Can What And How You Eat Affect Your Ability To Defend Yourself? (tips)
Can what and how you eat affect your physical activity, and fighting?
Whether you want to defend yourself, train optimally, or just operate at a highly efficient level throughout the day, what and how you eat definitely does affect your ability to perform. Now, we all know that you won't be able to perform optimally on a full stomach and that you need to wait a few hours after a big meal to train/exercise and fight, but I'm talking about how foods affect your performance based on what it does to your body.
Let me give you a couple of examples:
One time before a mixed martial arts competition, I made the mistake of eating a 'Sloppy Joe' for lunch (for those who don't know what that is, it's a bunch of ground beef in red sauce, on a big hamburger bun). My fight wasn't for another few hours, so I figured it would be fine. Boy was I wrong! My body did not want to do anything, let alone fight. As the fight began I was bloated, nauseous, weak and couldn't focus. I remember just praying for the fight to be over. Not only did I lose the fight, I also threw up multiple times afterwards. My body couldn't handle trying to break down the red meat, while also performing at the highest level (fighting).
When in college, it was not uncommon for me to skip breakfast so I could get to class on time. One day a bully started a fight with me after class. As I tried to defend myself, I immediately felt drained of all my energy. It was like the power going out in your home. No warning, just dead! Fighting when you are hypoglycemic is a horrible and scary feeling, because your brain is telling your body to do things that it has no energy to do. Talk about helpless!
So what is ideal to eat before a fight, or any physical activity that required useful energy?
Carbohydrates: This is the preferred fuel source of the body because it is the easiest to convert to glucose (AKA blood sugar). This glucose is the main energy source used by the bodies muscles, other tissues, organs, and every cell. Great sources of carbohydrates include fruits, vegetables, sprouted breads, whole grain pastas and rice.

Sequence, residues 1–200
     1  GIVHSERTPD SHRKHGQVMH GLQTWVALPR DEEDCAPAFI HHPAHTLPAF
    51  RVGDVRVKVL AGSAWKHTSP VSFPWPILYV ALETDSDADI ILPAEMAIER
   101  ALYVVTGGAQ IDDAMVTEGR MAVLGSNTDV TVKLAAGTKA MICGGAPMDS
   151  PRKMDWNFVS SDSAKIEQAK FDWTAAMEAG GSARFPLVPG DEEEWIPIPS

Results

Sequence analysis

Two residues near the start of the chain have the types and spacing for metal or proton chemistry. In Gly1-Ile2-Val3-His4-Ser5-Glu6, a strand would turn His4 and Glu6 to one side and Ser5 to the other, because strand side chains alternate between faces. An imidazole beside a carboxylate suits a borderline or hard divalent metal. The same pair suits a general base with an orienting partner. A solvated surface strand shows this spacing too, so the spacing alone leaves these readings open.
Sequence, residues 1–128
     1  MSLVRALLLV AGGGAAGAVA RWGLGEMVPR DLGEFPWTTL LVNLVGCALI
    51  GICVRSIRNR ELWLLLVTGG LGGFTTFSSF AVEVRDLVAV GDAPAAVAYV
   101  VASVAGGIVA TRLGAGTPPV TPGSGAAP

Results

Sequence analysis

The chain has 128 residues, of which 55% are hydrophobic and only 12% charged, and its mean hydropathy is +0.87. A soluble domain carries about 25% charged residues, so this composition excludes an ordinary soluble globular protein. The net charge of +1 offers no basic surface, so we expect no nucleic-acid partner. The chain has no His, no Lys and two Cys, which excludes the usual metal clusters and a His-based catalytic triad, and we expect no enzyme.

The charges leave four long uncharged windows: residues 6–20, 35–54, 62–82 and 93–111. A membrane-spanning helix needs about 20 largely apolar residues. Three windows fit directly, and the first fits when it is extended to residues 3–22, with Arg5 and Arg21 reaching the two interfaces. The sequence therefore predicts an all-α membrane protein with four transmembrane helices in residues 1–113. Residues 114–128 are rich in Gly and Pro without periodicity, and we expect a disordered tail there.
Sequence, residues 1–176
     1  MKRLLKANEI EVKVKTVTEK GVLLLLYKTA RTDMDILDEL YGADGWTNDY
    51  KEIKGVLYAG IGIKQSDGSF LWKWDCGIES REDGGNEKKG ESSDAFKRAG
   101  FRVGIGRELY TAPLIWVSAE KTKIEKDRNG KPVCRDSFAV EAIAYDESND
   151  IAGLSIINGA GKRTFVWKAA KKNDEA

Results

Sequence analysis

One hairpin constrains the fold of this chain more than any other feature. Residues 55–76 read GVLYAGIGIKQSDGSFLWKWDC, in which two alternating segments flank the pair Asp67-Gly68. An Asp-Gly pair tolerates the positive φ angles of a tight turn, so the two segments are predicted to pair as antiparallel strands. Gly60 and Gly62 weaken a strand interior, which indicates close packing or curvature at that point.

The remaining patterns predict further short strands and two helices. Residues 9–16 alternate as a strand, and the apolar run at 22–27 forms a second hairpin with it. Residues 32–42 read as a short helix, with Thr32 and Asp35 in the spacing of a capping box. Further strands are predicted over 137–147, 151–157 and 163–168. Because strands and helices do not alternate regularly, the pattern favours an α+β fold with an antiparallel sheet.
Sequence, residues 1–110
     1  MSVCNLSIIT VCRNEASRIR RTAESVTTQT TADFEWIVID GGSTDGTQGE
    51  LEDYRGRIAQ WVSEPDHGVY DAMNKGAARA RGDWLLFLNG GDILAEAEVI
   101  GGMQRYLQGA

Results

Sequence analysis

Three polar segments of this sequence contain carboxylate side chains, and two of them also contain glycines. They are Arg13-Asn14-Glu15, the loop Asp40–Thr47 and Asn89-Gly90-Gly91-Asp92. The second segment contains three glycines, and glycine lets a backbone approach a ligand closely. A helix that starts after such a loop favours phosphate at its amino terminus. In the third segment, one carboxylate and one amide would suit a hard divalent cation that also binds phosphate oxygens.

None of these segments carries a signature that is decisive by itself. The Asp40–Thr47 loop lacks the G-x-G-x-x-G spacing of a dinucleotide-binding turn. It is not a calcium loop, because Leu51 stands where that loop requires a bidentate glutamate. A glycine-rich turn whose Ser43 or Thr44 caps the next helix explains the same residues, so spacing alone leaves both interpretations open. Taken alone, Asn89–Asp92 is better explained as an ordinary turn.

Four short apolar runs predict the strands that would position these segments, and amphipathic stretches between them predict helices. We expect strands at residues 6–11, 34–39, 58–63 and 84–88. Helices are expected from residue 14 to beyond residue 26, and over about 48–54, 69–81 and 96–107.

Fats: Your body uses this as a secondary fuel source (via gluconeogenesis), after all your glycogen reserves are used up. It takes longer to break down, but is also a more concentrated source of energy. This is because fat has 9 calories per gram as opposed to carbohydrates (and proteins) 4 calories per gram. If you are going to do a long duration event (i.e. five rounds of MMA, or marathon) you need to eat fats to sustain you. Great sources of fats include nuts, seeds, avocados, and olive oil.
Which foods are not so great to eat before a physical activity/fighting?
Proteins: These are the last source of energy for the body, because proteins are complex molecules that require many processes to convert them into usable energy. However, proteins are excellent to eat after fighting/physical activity as it can help with muscle recovery and growth. Great sources of proteins include eggs (whole), fish, beans, and cottage cheese.
Other eating tips to help you operate at the highest level:
Don't go longer that 5-6 hours without eating: This can cause hypoglycemia leaving you unable to operate (fight/train).
Don't overeat: This will leave you slow, lethargic, and confused.
Drink water throughout the day, it will keep you alert and energetic.
Stay away from alcohol and drugs prior to the physical activity (or if you're in an unsafe place where a fight can break out).
So there you go: If you are going to participate in long duration fights or extreme training, fuel with carbs and fats first, but remember to eat proteins (and carbs) afterwards for recovery.
To learn more about how eating certain foods can promote your health and performance, get my book, The Short Fight, on Amazon at https://www.amazon.com/dp/B0948LNX5M
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Author, The Short Fight
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